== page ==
Nick Yulico

Okay, that's helpful.

Mark Lammas

One other thing, if I could just - I wanted to clarify in your earlier note this morning, you had mentioned the notion that maybe the same store improvement was sort of artificially high, maybe because of uncommenced leased. There's some veracity to that as far as - not so much as commencement but rather cash versus GAAP rent in so far as there was free rent on a couple of the leases. But you attributed it to the EOP Northern California portfolio, but in truth, at least two of the three biggest contributors to the same store improvement on a cash basis were actually not EOP assets at all, they were legacy assets. So that was one thing I wanted to clarify.

The other thing probably worth clarifying is just to make sure people are following: the real lease up opportunity in the Northern California portfolio tends to be on the lease up assets, not on the stabilized assets, where if the same store in comparison is only taking up assets that were already stabilized back in April of 2015. So not much of the pickup is happening on the lease up front, if you will, on the Northern California portfolio.

Nick Yulico

Okay, that's helpful, thanks. Then just going to the Silicon Valley and the EOP portfolio, can you talk about the activity that you're getting on leasing: how much of that is tenants expanding? Why do you think your assets are being competitive in the market? And then maybe you could talk a little bit about how much pricing power you think you have or if you're just sort of benefiting from filling up vacant space at market rent, and maybe just remind us where you've seen market rents for that portfolio in the last year? Thanks.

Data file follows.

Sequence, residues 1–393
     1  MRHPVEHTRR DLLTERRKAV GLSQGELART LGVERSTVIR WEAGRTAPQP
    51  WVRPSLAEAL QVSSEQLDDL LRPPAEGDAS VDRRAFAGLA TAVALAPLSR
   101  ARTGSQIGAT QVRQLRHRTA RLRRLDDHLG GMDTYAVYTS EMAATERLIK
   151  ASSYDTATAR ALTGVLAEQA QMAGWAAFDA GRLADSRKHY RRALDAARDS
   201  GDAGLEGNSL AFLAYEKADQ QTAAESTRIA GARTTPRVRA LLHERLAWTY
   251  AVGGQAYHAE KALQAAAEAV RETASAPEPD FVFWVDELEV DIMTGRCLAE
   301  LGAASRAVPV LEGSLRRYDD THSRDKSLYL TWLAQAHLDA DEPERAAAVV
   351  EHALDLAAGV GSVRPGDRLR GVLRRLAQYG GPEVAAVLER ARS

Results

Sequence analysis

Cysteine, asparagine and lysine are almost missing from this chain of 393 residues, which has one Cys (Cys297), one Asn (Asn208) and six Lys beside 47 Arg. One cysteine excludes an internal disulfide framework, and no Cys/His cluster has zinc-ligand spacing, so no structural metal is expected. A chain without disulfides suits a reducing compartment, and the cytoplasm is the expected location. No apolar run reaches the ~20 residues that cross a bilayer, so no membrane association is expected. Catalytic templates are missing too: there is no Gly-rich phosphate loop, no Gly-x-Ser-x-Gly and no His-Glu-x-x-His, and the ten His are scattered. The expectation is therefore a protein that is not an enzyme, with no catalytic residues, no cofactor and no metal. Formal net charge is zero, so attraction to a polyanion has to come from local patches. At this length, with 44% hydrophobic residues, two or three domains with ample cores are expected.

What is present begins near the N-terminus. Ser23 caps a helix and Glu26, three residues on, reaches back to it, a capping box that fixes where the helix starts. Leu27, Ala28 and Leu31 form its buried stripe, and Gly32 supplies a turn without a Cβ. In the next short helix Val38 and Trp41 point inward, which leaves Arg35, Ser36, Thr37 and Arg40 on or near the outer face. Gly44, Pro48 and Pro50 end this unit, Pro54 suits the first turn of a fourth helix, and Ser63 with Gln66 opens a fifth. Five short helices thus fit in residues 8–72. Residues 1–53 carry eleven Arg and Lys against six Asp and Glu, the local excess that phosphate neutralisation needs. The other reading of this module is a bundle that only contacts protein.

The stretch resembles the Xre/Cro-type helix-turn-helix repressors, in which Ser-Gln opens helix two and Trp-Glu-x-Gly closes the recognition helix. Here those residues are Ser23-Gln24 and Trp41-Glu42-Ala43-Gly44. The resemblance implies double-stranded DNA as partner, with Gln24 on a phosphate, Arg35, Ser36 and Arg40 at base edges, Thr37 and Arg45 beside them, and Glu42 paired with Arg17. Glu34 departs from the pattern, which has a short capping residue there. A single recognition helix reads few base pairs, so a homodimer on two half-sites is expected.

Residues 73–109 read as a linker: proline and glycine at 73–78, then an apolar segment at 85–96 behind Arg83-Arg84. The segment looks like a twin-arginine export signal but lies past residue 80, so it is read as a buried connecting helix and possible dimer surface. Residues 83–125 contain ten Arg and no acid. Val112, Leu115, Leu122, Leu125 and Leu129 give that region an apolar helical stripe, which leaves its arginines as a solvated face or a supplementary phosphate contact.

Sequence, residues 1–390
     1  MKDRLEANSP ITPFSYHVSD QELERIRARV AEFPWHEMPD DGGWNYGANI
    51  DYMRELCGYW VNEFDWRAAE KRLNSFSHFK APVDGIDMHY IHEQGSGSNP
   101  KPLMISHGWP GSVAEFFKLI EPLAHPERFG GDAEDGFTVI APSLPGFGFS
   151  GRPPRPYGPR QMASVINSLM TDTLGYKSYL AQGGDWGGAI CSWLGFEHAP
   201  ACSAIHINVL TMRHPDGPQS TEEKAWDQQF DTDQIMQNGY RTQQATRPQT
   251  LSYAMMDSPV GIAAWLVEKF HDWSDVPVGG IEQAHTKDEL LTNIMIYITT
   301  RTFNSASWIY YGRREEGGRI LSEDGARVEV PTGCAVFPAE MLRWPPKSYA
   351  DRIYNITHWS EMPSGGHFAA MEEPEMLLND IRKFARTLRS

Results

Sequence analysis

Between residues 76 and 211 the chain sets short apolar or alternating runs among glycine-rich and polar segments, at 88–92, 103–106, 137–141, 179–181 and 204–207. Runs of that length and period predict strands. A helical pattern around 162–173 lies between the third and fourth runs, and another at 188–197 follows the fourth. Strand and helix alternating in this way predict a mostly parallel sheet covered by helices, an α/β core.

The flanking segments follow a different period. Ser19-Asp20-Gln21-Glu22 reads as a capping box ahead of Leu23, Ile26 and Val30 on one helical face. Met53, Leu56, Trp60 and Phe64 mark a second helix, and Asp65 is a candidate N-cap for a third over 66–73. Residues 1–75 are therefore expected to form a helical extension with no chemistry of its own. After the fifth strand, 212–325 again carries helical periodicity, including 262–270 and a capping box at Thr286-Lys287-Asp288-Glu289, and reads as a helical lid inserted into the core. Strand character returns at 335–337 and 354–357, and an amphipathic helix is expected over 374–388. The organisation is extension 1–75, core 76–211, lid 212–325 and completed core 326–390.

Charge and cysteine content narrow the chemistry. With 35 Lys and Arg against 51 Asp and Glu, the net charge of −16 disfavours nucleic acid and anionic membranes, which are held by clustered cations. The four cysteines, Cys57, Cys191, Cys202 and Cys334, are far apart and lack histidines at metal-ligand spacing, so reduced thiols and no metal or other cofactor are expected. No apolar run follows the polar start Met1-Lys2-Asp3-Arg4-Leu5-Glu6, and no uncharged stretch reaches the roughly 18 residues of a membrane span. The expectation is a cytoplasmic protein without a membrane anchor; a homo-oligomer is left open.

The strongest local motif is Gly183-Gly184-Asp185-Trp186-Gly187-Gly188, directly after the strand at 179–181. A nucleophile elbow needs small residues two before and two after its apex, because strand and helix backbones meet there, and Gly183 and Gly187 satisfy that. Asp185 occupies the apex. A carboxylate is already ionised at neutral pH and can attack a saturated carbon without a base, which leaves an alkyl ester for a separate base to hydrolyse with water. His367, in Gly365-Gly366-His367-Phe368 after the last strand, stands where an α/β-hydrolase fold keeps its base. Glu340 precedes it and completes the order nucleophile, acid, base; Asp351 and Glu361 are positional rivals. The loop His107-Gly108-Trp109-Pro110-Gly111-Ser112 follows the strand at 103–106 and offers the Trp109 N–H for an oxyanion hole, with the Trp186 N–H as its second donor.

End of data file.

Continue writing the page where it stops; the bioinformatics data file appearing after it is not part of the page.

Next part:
Victor Coleman

Sure, I'll start it and then I'll let Mark jump in. the overall portfolio has a lot of legs in it, in that I think Mark just commented on it, that the stabilized portfolio is stabilized and we have allocated our time and resources to specific assets that have lease up that have already been part of the same store and that's sort of where we see the market now. I think a couple of things are apparent, first and foremost. Our rolling mark to market on those assets in that portfolio are still in the high teens to low twenties across the board. And what we're finding is, consistently, we are seeing a flow of activity on virtually all the space. So our inflow of inbound tenants that are looking for space in the Valley is still very consistent and Mark can jump in and talk about that a little bit, but for the most part we're seeing that and I don't think is unique to us in terms of where the market it. The market's strong. We keep telling people that we keep it strong, we still see a number of requests and we're negotiating deals at numbers that are exceeding our initial underwriting and our modified underwriting.